Helmholtz Centre Potsdam
GFZ German Research Centre for Geosciences
Abstract (EDOC: 12110)
New high-precision isotope ratios of dissolved Mo in seawater from different ocean basins and depths show a homogeneous isotope composition (‘mean ocean water 98Mo/95Mo’ (MOMO)), as expected from its long ocean residence time (800 kyr). This composition appears to have been constant for the past 60 Myr at a 1-3 Myr time resolution as indicated from thick sections of Fe-Mn crusts from the Atlantic and Pacific. These records yield a constant offset from MOMO (average of -3.1 and -2.9‰). They are similar to our new data on recent oxic Mo sinks: pelagic sediments and six Fe-Mn crust surface layers range from -2.7 to -2.9‰ and -2.7 to 33.1‰, respectively. Recent suboxic Mo sinks from open ocean basins display heavier and more variable isotope ratios (-0.7 to -1.6‰ relative to MOMO). Crustal Mo sources were characterized by measuring two granites (and a mild acid leach of one granite), seven volcanic rocks and two clastic sediments. All show a narrow range of compositions (-2.0 to -2.3‰). These data indicate that isotope fractionation by chemical weathering and magmatic processes is insignificant on a global scale. They therefore represent good estimates of the composition of dissolved Mo input to the oceans and that of the average continental crust. Thus, the Mo input into the oceans appears to be distributed into lighter oxic sinks and heavier reducing sinks. This is consistent with steady-state conditions in the modern ocean. The constant isotope offset between oxic sediments and seawater suggests that the relative amounts of oxic and reducing Mo removal fluxes have not varied by more than 10% over the last 60 Myr. An equilibrium fractionation process is proposed assuming that Mo isotope fractionation occurs between (dominant) MoO2- 4 and (minor) Mo(OH)6 species in solution, of which the latter is preferentially scavenged.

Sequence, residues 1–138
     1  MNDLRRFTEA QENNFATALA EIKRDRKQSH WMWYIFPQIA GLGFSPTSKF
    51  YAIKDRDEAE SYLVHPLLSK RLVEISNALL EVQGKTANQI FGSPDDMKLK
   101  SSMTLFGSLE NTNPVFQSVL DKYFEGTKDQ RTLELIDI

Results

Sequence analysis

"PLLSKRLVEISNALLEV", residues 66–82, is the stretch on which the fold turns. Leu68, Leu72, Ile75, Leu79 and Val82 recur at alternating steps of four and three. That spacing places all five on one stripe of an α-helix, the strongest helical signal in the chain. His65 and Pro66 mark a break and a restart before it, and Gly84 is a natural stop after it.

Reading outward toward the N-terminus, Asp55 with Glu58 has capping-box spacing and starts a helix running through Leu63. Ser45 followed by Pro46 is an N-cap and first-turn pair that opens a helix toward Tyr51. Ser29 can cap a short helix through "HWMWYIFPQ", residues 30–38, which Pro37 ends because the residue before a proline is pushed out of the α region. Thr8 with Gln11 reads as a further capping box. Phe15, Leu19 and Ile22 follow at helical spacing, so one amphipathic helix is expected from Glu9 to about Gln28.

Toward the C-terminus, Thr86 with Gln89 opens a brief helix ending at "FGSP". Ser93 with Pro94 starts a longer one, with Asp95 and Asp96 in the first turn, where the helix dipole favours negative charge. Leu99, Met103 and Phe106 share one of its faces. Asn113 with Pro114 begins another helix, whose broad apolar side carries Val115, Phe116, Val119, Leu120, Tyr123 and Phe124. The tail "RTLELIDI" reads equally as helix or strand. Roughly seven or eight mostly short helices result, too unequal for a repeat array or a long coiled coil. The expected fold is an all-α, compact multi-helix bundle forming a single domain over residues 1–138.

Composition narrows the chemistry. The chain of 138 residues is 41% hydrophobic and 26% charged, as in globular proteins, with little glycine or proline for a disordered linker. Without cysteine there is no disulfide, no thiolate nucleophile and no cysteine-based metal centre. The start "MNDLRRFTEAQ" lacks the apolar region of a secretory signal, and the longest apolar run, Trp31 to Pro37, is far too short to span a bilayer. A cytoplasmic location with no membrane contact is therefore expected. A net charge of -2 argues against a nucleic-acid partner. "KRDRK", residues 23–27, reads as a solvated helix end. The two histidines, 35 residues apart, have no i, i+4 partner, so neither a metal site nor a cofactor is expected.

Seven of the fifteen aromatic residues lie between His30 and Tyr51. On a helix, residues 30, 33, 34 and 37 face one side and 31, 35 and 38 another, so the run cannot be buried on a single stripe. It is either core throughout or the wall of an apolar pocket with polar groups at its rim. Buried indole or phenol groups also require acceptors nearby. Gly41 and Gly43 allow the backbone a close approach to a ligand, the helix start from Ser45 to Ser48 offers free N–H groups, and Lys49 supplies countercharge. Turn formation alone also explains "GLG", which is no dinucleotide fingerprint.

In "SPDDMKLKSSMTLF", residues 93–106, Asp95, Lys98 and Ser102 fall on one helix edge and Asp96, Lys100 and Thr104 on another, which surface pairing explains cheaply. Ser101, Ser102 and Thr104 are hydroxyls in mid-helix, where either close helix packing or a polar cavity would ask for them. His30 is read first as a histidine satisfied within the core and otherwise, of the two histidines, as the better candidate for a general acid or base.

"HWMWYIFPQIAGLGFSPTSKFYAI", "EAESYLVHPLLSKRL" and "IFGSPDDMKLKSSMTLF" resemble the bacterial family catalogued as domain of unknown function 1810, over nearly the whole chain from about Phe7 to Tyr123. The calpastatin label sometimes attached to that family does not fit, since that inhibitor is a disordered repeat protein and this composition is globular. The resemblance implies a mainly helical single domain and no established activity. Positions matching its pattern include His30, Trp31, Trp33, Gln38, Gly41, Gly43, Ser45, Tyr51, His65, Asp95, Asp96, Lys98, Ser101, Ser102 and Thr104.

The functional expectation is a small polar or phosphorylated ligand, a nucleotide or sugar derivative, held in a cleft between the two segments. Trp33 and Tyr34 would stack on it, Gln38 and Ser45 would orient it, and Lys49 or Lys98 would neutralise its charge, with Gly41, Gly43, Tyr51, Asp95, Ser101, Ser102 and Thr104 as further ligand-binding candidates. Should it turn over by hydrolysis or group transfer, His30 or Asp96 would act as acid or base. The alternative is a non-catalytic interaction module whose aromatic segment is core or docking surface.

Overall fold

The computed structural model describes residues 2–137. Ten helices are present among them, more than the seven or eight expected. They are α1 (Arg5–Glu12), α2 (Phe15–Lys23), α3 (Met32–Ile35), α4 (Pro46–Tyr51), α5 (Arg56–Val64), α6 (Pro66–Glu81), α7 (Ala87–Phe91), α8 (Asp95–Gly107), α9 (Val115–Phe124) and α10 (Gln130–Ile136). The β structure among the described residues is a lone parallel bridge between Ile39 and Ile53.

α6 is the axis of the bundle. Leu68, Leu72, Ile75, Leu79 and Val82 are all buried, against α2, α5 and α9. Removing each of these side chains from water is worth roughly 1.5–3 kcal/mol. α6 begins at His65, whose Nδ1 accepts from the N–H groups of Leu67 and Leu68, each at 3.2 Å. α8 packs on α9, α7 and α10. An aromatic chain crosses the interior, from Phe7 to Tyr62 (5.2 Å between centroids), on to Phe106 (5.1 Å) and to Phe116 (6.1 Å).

(2003): Molybdenum isotope records as a potential new proxy for paleoceanography. Earth and Planetary Science Letters, 211, 1-2, 159-171.